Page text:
|Fernando del Toro stuns in his matador outfit.|
Cue Fernando del Toro, a local bullfighter or torero, who first stepped in front of a bull at age 16 and then in front of a bull with the crowd watching at 17. Luckily I had the opportunity to sit down with Fernando himself to talk about his experiences and how bullfighting changed him. [Special thanks to HablaWorld for helping translate the exchange between Fernando and I!]
What made you first want to become a bullfighter?
As a kid, I had a curiosity, and I have always been involved with sports that took risks, so this felt like one of those—a challenge, if you will. Then I liked it so much that I continued. Like a game, for me, I had some experiences that changed my way of seeing the world. And then I discovered that [bullfighting] was neither a game nor a sport, but a profession that I wanted to become involved with. What makes a great bullfighter were qualities I want to possess, and what I’ve witnessed while doing this has changed my life.
Going off of that, could you expand on those changes on your life?
You see life from a very different perspective from other people because you are facing life-or-death every time you step in front of a bull. Things that aren’t as important to other people become very important to you, or vice versa.
Can you explain how you practice or train for bullfighting?
I train about 6 to 8 hours a day. I would start with some running, and then do some exercises. Another important aspect of training is through certain sports that would be beneficial to you for bullfighting—for example, frontón, or handball. In the evening, I practice doing the movements of the capote [cape], which is called toreo de salón. I can just do this in my room, pretending the bull is in front of me. The mind is also very important, so I have to mentally prepare myself as well.
Describe your most memorable bullfight.
What I should say is that my best bullfight has not arrived! My perfect performance with the perfect bull is yet to come because I am still learning with each bullfight. However, if I am to choose one, in my short career, my bullfight in Málaga on August 14, 2006 was very special to me. When I first arrived to the stadium and faced the bull, I did not feel very confident, but while with the bull, there was a certain point when I could not even hear the music or crowd since I was so focused. I felt a connection with the bull, and that was a reminder of why I love bullfighting so much.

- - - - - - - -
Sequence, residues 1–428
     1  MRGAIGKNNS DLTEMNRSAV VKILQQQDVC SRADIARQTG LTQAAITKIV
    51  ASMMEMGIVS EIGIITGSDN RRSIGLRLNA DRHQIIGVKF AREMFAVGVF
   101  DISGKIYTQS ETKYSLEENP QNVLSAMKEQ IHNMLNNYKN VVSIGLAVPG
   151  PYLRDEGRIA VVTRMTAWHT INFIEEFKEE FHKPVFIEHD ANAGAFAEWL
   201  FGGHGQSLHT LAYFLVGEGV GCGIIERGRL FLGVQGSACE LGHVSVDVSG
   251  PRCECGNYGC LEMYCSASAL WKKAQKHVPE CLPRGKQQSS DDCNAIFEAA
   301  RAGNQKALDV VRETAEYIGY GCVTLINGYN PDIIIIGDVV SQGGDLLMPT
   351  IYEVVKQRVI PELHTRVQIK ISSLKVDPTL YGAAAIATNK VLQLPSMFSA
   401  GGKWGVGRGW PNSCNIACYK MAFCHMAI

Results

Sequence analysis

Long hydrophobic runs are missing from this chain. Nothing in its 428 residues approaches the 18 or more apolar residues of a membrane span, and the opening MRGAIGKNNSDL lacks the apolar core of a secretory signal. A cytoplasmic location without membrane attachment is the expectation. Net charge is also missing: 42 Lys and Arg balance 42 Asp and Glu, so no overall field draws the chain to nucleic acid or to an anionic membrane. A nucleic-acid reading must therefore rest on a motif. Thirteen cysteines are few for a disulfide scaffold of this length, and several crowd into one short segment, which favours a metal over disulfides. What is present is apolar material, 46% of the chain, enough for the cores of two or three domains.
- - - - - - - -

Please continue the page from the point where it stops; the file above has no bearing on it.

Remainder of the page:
Do you have a favorite torero or inspiration?
There are many toreros, and each torero inspires me in a different way. A good bullfighter should pick up the good things in various toreros and learn something from them. My pink cape, or capote, for example, was inspired by Morante [de la Pueblo, another torero]. El Fandi inspired me with his banderillas. But I guess my hero, or point of reference, ever since I was a kid, is Finito de Córdoba.
Can you describe your thought process during the ritual stage?
It’s a lot to think about, very quickly. From the moment the bull comes out, observation is my main technique since I need to notice as much as I can about the bull’s movements and reactions to present myself as a good challenge to him. Therefore, I need to make sure I am intuitive, ready, and focused.
What is the scariest moment in your bullfighting career?
I cannot think of one specific moment but a generic moment. It’s the moment right before I go out—when I hear the trumpets, the clarinets, the timbales, the public—and then I know that I have to get in. When I know I have to face the bull now. Each bullfighter has his own moments, but this is mine. It is so intense that this is the worst part for me.
That is pretty scary… what makes you go in though?
[Laughs] Well it is what I said in the beginning. That objective of wanting to take a step forward, to survive—your instinct—, take control, and achieve this is so fulfilling. I am learning a lot about myself throughout this process and constantly having to face my fear makes this worth it.
I see. So what was your family’s reaction to you wanting to pursue bullfighting?